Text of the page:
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Building a Better Burgman

1547 Views 0 Replies 1 Participant Last post by  Lapine Rider

The Burgman 400 does many things, and does them ably and economically. For the most part, I am very happy indeed. However, here's how I think it could so some things better.

First, I am a big fat American riding a bike (Burgman 400) that, I am informed, was originally designed for Japanese salarymen. It shows!
The Burgman seat design is very bad indeed, or so my posterior thinks. While it was fine for a thirty-minute test-ride, even an Airhawk seat cushion hasn't been enough to make it tolerable for the kind of long trips I bought the bike to take. Eventually I'll probably end up buying a Corbin, at almost 10% of what I paid for the entire scoot to start with. Had Suzuki done their job in the first place, I would not have to spend this extra money. It is easily my number-one bike complaint. I also find it interesting that I rode a much-cheaper Aprilia for months without even the slightest discomfort.

At least the seat was better than the Silverwing's, which was even uncomfortable to test-ride. ..

Second, maintenance needs to be made much easier, and even more importantly there needs to be more maintenance info in the owner's manual. I live in a rural area, and my local Suzuki dealer had never seen a Burger before mine. They complain bitterly and continually about how difficult the Burgman is to work on, and have failed to succesfully complete some repairs that they started. From an owner's point of view, it borders on the obscene that my owner's manual does not tell me how to change out something as simple as a headlamp or battery. I build cars for a living; if we tried something like this on our vehicles our buyers would abandon us in droves.

Third, warranty policy needs to be reconsidered. My bike developed a backfire, under warranty. When I took it in to have it fixed, the Suzuki mechanics could not find the problem. Therefore, they claimed, Suzuki would not pay the bill. In the end I shouted many profound obscenities, and the dealer ate the cost. However, it is just plain wrong that I should even be -asked_ to pay for service under warranty for a legitmate complaint that the mechanics were simply unable to find. Again, were this a car there would have been no question. The dealer would have handed me my keys back, and said "We can't find it. Come back if it happens again." Motorbikes oughta work the same way. Anything else leaves the consumer liable for the incompetence of the staff.

I could have easily afforded a Burgman 650, but chose the 400 because in my view it is by far the superior scoot in almost every way. In my own personal opinion, the 650 is overpowered for a scoot-type drive system (thus all the neck-jerking you see mentioned in reviews), and too heavy by a large margin. It is also, as a twin-cylinder, needlessly fuel-thirsty and expensive to maintain. Worst of all, it is so tastelesly over-gadgeted that I would not be caught dead on one. The manual shifter is something whose purpose I simply cannot grasp at all, and refuse to pay good money for. (Please note that I respect the views of those who will surely disagree with me, and am merely expressing my own highly personal views here.) On the other hand, I weight 330 pounds, and could frankly use a little more power now and again. I think that the best solution would be to bore out the existing 400 motor, if it's possible, to about 500 cc's like the Italian bikes use. That would be just perfect! In no event, however, would I like to see a second cylinder added, or the motor removed from the swingarm. That adds needless cost.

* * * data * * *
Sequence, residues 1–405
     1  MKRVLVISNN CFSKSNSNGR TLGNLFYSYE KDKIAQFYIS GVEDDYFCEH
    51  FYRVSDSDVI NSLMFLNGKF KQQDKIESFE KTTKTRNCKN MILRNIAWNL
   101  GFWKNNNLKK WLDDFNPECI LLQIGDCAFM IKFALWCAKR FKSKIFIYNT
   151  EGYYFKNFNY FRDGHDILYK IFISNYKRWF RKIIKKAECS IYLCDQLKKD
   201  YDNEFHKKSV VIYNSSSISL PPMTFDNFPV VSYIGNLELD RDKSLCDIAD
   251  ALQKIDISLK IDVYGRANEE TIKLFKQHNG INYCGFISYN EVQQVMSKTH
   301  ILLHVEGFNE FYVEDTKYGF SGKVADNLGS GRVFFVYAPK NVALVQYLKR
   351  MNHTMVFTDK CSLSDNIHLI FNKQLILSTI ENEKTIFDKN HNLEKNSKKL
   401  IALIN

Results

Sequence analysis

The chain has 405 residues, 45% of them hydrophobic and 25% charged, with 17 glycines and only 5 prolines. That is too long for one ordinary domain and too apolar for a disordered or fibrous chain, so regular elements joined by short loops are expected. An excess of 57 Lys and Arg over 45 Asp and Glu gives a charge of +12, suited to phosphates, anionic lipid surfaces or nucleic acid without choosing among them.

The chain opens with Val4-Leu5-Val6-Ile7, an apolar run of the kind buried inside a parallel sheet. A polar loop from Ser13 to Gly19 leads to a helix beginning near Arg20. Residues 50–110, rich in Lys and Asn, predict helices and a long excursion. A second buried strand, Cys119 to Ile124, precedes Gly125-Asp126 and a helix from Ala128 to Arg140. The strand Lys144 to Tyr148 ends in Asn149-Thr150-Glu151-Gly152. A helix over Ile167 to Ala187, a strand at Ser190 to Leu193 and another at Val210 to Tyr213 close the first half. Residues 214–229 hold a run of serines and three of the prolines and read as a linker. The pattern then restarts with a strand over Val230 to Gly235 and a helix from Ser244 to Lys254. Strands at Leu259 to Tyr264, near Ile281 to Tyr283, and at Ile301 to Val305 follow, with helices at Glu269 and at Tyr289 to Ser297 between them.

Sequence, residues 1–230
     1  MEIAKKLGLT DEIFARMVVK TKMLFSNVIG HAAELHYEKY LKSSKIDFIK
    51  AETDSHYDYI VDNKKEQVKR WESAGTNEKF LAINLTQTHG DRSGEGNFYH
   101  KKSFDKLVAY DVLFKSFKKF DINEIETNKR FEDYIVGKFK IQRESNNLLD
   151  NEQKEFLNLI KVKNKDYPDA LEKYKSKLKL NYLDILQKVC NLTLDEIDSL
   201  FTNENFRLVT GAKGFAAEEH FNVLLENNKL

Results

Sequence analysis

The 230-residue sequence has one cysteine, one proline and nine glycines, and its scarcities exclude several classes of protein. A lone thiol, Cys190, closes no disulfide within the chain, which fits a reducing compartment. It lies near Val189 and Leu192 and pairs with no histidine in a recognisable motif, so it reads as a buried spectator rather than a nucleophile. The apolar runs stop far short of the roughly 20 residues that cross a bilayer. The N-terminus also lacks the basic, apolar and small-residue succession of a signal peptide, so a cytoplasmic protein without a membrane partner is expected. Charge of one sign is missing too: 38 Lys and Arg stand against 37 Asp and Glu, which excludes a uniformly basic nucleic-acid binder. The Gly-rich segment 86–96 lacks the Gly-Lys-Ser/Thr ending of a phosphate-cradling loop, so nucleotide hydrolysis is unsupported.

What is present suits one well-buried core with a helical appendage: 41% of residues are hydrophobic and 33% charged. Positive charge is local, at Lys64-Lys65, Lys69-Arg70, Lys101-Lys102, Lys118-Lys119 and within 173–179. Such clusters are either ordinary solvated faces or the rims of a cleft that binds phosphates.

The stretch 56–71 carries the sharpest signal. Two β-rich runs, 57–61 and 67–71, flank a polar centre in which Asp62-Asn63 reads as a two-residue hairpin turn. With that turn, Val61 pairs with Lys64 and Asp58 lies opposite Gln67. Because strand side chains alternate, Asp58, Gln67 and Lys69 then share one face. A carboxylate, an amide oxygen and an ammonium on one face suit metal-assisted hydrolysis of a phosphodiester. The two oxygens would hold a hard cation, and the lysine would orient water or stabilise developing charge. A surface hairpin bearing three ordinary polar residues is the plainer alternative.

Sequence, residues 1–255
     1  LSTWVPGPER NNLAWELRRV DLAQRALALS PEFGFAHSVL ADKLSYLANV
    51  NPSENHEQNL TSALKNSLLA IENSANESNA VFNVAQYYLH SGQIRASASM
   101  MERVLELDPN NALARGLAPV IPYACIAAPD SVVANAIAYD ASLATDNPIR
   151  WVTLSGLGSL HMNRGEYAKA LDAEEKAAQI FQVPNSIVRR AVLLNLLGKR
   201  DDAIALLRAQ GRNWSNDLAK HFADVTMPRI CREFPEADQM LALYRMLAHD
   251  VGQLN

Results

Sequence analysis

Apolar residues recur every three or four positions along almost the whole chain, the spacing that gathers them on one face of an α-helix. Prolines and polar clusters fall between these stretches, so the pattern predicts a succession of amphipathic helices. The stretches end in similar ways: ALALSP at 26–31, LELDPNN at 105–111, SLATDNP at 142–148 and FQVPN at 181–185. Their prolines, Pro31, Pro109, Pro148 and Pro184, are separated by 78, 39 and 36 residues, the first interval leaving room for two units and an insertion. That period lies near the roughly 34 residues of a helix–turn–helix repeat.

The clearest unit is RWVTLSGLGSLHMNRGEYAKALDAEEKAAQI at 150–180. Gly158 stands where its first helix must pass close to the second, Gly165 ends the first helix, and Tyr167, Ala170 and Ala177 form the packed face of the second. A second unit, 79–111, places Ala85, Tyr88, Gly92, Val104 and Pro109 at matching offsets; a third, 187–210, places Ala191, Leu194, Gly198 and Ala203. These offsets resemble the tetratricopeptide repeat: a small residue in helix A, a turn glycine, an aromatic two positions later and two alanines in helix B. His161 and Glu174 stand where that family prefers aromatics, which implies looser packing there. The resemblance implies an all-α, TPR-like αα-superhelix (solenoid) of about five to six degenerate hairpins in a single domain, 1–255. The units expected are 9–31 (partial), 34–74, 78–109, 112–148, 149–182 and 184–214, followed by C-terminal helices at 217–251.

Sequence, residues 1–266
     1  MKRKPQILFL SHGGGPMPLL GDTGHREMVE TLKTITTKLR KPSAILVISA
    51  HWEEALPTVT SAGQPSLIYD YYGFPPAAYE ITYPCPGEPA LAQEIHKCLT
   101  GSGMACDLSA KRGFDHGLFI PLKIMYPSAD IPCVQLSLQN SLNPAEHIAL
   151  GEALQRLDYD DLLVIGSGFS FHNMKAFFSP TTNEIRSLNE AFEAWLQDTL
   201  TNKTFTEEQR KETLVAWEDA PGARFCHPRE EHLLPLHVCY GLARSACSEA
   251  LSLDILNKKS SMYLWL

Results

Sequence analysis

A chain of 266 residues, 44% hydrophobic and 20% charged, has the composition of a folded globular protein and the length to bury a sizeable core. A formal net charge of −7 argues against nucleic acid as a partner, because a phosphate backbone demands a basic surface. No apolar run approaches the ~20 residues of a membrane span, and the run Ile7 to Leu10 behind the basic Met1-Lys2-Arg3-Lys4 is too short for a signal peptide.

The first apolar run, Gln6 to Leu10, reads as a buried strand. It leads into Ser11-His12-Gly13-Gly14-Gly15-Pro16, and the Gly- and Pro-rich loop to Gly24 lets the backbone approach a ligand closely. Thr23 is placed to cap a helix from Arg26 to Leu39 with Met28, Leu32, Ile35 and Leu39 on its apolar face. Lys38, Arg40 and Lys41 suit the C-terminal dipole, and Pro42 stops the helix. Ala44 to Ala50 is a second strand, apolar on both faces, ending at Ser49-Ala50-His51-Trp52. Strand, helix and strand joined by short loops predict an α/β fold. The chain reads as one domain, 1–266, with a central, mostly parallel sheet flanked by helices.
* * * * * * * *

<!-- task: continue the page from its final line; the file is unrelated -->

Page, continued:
I truly love the large storage area under the seat; it's why I ride a Burgman now instead of an Aprilia, which lacks such a nice "trunk". Larger would be better still. Also, I never, ever ride two-up; an optional seat setup like that on the new Ruckus 250 for carrying cargo would be nice. I understand that there are serious space-issues around the fuel tank; still, it's a major touring weak spot and anything that can be done, even to the extent of half a quart of additional capacity, should be.

One gold star for good work-- I am especially fond of the 400's mirrors. Instead of being sylish and "cutesy", they are nice and wide and easy to use. They were another major factor in my choice of the Burgman 400 over the Aprilia brand bikes. The 650's mirrors were pretty and all that, but all I could see in them were my own shoulders.

I guess my main thrust here is that a scoot oughta be a cheap, practical, easy-to-maintain transportation machine, unintimidating and simple, simple, simple! I'd hate to see the 400 become more like the 650, except in that a touch more power would be nice. If indeed Suzuki chooses to add bells and whistles instead of sticking with impoving the rock-solid basics, I'll probably buy a Kymco next time.

Lapine Rider
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